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Originally Posted by BobLoblaw View Post
Hey SR will I have any problem walking across the border with a used motorcycle shock. Do I need to declare it?

Senor, is that a shock eeen your pantalones, or are you jeest happee to seee me?


Now if it is the right aduana chica, make sure you declare it.
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Old 03-03-2013, 11:17 AM   #13700
acejones
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Originally Posted by BobLoblaw View Post
I,m allowed two dogs and their accessories. No wonder there are so many dogs in Mexico. I guess a shock would not qualify as a dog accessory.

I'll just throw the shock in the trunk and play stupid, I've had lots of practice.
Just strap it on one of the doggies and if asked, say he has a bad suspension.
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Old 03-04-2013, 05:37 AM   #13701
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Old 03-04-2013, 05:45 AM   #13702
PirateJohn
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The Mexican Adauna makes no differentiation between Mexicans and Foreigners when it comes to bringing merchandise into the country. They do not discriminate and will be as happy to tax a Gringo on a flat screen TV as a Mexican.
Absolutely! It's just that the families with Mexican plates in an SUV piled high with new stuff from Sam's Club usually get more scrutiny than a gringo on a motorcycle.

I did have someone complaining that Mexico taxed their laptop(s) for some business meeting, although this was years ago. I've traveled across the border regularly with a laptop and now an iPad and never have any trouble.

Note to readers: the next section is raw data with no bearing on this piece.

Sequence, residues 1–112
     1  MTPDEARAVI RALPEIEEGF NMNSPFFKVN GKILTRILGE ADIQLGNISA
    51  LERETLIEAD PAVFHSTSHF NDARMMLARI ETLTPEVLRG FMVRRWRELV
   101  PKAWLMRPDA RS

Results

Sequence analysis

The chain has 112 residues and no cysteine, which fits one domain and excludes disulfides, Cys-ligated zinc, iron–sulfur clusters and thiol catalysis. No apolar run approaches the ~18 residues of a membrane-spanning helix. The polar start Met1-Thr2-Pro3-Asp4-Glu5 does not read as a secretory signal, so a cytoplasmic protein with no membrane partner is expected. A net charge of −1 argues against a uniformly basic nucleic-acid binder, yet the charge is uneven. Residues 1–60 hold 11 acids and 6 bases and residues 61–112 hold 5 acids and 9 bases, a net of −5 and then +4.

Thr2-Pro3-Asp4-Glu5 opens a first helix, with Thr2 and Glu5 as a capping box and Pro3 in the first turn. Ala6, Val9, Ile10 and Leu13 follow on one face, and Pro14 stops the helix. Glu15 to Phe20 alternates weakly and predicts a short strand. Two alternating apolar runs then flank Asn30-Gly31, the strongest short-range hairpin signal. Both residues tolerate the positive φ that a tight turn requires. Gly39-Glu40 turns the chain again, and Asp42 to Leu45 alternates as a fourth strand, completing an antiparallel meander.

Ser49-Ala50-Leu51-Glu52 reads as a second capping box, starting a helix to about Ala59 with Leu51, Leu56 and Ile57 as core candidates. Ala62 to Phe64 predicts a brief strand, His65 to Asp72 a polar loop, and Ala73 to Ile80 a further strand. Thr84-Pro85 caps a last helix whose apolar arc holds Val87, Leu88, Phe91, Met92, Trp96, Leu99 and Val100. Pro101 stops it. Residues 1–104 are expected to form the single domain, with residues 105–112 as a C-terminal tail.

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Old 03-04-2013, 05:55 AM   #13703
PirateJohn
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Originally Posted by tricepilot View Post
Bad advice

Let me rephrase what I said. On a motorcycle unless you are bringing booze into Mexico it's hard to imagine what they might tax.

Unless, of course, you have a residence in Mexico. Then I could see you bringing something in (or those new motorcycle parts that were being discussed).

Carton of cigarettes maybe?

But clothing, camera equipment, personal electronics - I have never had them look twice at those things.

I did once have quite a bit of electronics stacked in the back of the Land Rover (remember that I am a full-time RVer and used the Rover for storage). I had the inspectors at Reynosa and Progreso look at my stuff but never object.

If anyone has stories of being taxed I'd be interested in hearing it.


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Old 03-04-2013, 06:39 AM   #13704
pilot815
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Originally Posted by PirateJohn View Post

If anyone has stories of being taxed I'd be interested in hearing it.


Sent from my iPad using Tapatalk HD